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Writing summaries takes experience. In other words, to know what is important and what is not is not easy. Here are three steps that will help. 

First, follow the headings of your text books. This might sound like a simple point, but text books are divided in hierarchies. In other...

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Writing summaries takes experience. In other words, to know what is important and what is not is not easy. Here are three steps that will help. 

First, follow the headings of your text books. This might sound like a simple point, but text books are divided in hierarchies. In other words, there is order. Therefore, following the author's headings will help tremendously in taking summaries. A good first step is to write down every major section on a sheet of paper. Immediately you have a structure. 

Second, jot down a few quotes from each section that are particularly well written. These quotes will help you recall the context. In fact, one of the strategies of writing summaries is jotting down a few quotes from each section. 

Third, look for your author's conclusion. Apart from dispensing information, the author will have a larger point he or she is trying to make. As you read, try to discern this point and put it in your summary. 

Finally, I should add, rereading is often also required. 

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The main challenge in writing “the perfect summary” lies in the natural inclination to explain and expand on the important points in an author’s text that by themselves constitute a summary.  By definition, a summary is a brief description of the contents of an article, book, monograph, etc.  That is it.  Who is the author, what is the title of the work being summarized, what was the date of publication (if relevant), what was the period during which the work was written (if known and relevant), what are the main points the author is making, and what is his or her conclusion.  If the subject material is a novel, a brief description of the content of each chapter may be warranted.  A student assigned to summarize a nonfiction, academic study will generally not need to summarize each chapter, but rather would focus on the overall theme of the study, its main points, and its conclusion(s).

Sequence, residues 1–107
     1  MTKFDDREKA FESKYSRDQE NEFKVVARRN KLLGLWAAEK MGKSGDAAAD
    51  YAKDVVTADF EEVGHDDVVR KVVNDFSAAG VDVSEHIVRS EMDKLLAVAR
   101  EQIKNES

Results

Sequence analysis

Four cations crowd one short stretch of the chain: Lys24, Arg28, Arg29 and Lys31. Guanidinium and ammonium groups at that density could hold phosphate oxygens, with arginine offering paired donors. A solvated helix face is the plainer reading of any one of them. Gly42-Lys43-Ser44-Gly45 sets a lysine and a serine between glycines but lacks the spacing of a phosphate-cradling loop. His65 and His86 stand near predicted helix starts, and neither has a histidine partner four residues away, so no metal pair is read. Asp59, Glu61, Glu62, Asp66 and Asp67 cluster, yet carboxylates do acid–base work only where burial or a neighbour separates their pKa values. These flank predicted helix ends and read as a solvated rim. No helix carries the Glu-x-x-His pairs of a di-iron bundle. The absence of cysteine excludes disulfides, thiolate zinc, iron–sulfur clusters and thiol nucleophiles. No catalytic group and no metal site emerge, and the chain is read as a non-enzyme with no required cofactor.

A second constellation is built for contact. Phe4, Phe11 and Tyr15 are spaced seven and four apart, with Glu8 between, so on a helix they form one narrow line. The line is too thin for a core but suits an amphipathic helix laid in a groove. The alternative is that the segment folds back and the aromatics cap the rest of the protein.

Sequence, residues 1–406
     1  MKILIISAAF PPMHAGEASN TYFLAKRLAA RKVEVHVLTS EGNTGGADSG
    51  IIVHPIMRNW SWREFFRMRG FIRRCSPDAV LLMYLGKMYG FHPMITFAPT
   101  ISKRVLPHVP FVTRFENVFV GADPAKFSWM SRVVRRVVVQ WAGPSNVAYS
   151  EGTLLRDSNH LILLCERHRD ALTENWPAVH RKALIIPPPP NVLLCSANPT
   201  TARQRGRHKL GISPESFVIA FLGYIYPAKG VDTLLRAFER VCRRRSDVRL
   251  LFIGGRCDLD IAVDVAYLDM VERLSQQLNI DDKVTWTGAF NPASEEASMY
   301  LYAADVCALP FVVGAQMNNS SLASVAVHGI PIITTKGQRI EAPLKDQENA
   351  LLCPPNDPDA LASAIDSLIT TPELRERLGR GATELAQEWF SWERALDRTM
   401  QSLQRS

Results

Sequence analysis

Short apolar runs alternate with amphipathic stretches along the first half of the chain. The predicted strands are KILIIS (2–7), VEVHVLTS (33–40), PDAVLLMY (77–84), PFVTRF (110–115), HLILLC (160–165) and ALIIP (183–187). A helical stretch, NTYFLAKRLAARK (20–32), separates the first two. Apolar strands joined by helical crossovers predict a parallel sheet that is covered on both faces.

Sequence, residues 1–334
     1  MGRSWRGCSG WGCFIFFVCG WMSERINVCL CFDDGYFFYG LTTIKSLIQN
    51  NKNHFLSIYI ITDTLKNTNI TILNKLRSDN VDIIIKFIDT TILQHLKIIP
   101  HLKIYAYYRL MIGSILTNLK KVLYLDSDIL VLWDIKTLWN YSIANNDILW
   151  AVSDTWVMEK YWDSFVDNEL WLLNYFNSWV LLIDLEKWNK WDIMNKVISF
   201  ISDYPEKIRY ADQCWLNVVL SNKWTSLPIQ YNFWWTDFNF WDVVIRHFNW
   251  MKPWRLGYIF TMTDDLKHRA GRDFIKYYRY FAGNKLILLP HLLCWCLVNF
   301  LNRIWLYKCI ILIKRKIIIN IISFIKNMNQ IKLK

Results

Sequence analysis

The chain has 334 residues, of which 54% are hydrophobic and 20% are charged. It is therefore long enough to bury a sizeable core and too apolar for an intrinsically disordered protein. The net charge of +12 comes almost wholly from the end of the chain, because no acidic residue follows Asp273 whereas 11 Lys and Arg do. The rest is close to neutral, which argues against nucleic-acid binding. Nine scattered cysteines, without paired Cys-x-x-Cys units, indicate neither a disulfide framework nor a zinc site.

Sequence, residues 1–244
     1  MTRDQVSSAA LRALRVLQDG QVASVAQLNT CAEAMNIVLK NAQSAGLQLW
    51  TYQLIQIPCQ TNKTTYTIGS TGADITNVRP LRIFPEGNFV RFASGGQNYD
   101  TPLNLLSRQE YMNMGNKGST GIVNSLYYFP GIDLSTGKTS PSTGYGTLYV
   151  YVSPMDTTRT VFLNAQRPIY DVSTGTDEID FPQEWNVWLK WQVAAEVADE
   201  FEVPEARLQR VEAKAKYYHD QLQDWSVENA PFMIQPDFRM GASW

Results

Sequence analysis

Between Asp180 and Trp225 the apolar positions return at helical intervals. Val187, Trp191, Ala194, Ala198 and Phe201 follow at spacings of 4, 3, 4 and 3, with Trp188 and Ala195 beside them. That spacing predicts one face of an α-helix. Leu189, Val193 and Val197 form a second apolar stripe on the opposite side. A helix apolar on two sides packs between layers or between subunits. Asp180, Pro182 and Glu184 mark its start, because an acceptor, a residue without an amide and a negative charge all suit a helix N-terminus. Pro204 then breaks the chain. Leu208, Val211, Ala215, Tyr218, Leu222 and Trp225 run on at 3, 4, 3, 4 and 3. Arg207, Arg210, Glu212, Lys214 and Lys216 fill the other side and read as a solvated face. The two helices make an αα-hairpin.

The natural inclination to explain and expand upon main points raised by the author whose work is being summarized is, as noted, the pitfall to be avoided.  It is more difficult than it may seem to resist the temptation to weigh down a summary with extraneous details, but “the perfect summary” demands that such details be excluded.   This is equally true of summaries a student prepares for his or her own research papers or creative writing projects.  In research papers, a summary usually precedes all other text, including the table of contents and introductory chapter or section.  Government papers or those produced for corporate use usually label that opening description of the report’s contents the “Executive Summary,” denoting its purpose of providing a brief synopsis of the much heftier paper that follows.  The higher one ascends on the corporate ladder or in most other organizational structures, the less time one usually has to read lengthy reports.  The Executive Summary, then, has to be perfect; it has to include the thesis or theme, the main points discussed in the following text, and the conclusions and, when relevant, recommendations for future action. 

The links below provide further information on how to write a summary, including the eNotes study guide “How to Write a Summary.”  Also provided is a link to a randomly-selected report prepared by the U.S. Environmental Protection Agency that is included for the purpose of displaying an example of how a paper is structured, including the placement and style used in the Executive Summary.

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